Does DNA Hold the Keys to the Future of Data Storage?

Remove storage as the biggest factor restricting the size of PC hardware, and you open up a whole new world of augmented reality.

Kevin Fogarty

August 23, 2012

7 Min Read
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Last Friday, researchers from Harvard published a paper describing how they were going to change everything in IT and the computer industry with just one new technique. Rather than always relying on data stored using clusters of magnetized grains on a spinning platter, they described a way to attach (fake) human DNA to a microchip to store so much data you could stash every byte on the Internet into a single thumb drive.

Other than seeing microchip and DNA and thinking it was a cool neuroscience experiment, you may have missed the story. Because it's storage. And storage is boring, especially for people who spend their days working on networks or software or in any other geek specialty.

The breakthrough, in a nutshell, was this: A team of Harvard geneticists working on ways to create a complete, entirely artificial chain of human DNA also discovered a technique to use DNA microchips to store ridiculously high volumes of data in a ridiculously small space.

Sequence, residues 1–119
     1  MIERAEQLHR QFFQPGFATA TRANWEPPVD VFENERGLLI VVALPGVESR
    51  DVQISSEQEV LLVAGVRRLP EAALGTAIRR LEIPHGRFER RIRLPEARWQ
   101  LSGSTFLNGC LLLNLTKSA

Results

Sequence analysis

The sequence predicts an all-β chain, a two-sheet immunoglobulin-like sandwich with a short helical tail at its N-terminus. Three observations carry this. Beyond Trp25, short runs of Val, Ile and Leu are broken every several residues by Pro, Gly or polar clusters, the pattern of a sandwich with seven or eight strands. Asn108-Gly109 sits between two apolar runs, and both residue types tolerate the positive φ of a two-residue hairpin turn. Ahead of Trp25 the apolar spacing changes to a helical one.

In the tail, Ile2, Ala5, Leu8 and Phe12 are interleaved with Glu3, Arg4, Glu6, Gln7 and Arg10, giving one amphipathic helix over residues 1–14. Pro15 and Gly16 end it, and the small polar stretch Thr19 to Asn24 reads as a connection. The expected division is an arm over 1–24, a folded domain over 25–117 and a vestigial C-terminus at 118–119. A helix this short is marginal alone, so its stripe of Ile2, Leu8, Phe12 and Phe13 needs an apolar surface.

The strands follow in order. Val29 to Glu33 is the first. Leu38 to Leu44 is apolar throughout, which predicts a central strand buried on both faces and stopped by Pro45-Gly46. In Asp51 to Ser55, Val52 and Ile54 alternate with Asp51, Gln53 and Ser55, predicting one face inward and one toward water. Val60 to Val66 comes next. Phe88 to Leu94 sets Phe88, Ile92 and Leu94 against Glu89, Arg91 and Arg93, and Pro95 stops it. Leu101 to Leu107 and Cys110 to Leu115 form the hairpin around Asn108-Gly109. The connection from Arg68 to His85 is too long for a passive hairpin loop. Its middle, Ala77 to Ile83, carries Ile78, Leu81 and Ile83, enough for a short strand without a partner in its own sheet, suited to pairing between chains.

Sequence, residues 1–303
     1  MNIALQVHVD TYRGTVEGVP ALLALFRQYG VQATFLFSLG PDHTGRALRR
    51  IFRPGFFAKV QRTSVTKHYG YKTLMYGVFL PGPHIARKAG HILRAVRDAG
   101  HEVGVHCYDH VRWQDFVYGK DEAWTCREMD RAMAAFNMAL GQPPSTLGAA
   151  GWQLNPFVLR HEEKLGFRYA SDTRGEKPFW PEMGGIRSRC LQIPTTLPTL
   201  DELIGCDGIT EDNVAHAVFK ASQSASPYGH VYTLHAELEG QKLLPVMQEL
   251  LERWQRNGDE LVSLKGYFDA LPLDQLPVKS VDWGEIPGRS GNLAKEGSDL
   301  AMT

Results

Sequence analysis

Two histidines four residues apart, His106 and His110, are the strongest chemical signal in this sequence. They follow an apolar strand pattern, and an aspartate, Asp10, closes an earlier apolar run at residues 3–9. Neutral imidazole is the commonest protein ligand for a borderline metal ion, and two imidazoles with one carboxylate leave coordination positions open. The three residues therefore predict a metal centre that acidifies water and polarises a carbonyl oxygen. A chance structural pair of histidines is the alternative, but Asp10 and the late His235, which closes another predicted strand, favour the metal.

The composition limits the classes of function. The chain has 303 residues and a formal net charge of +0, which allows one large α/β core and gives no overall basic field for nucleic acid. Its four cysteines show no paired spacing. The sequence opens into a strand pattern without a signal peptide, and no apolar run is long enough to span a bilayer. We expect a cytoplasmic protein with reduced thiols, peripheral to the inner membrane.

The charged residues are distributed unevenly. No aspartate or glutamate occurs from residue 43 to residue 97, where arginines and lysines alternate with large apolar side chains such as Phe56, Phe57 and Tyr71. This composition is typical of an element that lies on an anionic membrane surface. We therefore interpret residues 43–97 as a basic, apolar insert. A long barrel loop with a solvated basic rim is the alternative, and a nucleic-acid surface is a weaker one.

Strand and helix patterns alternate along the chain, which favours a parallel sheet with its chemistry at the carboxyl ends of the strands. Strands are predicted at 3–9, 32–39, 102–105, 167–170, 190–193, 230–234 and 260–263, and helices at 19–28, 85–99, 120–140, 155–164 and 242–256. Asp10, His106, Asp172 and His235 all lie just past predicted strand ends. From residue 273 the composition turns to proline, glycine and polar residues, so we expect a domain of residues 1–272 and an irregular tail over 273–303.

DNA microchips, also called DNA microarrays, are microchips with strands of artificial DNA embedded in them, linked to the underlying circuitry and fused in place with melted plastic.

They're used mostly in the biotech industry to figure out which genes respond to which stimuli without having to have live cells or live patients right in front of the experimenter.

What DNA does best, however, is store data.

By using DNA sequencers for things they weren't designed to do, researchers are able to record tons of regular data within DNA--customer records, for example, as well as instructions for whether your eyes should be brown or blue.

Using their own techniques--which involved an inkjet printer that produced the synthetic strands of DNA and a couple of days each to do the write and read of data onto the microarrays--the Harvard team was able to store the full 5.27M bytes of data that made up a large genetics text book onto 55,000 strands of DNA, representing less than a thousandth of a gram of material.

Top-quality hard drives can store about 25G bytes per square inch, or between 5G and 6G bits per cubic millimeter, according to a paper in the journal Solid State Technology.

The DNA microchips ginned up by the Harvard team can hold 5.5 petabits, or 5.5 million gigabits per cubic millimeter. That's roughly 110 million percent more than a good hard drive or flash drive can manage today.

Keep in mind these numbers are purely imaginary simply projections of future capacity based on reports from an experiment that succeeded in storing 600 times as much data on one microarray as anyone ever did before, and whose results may never be replicated.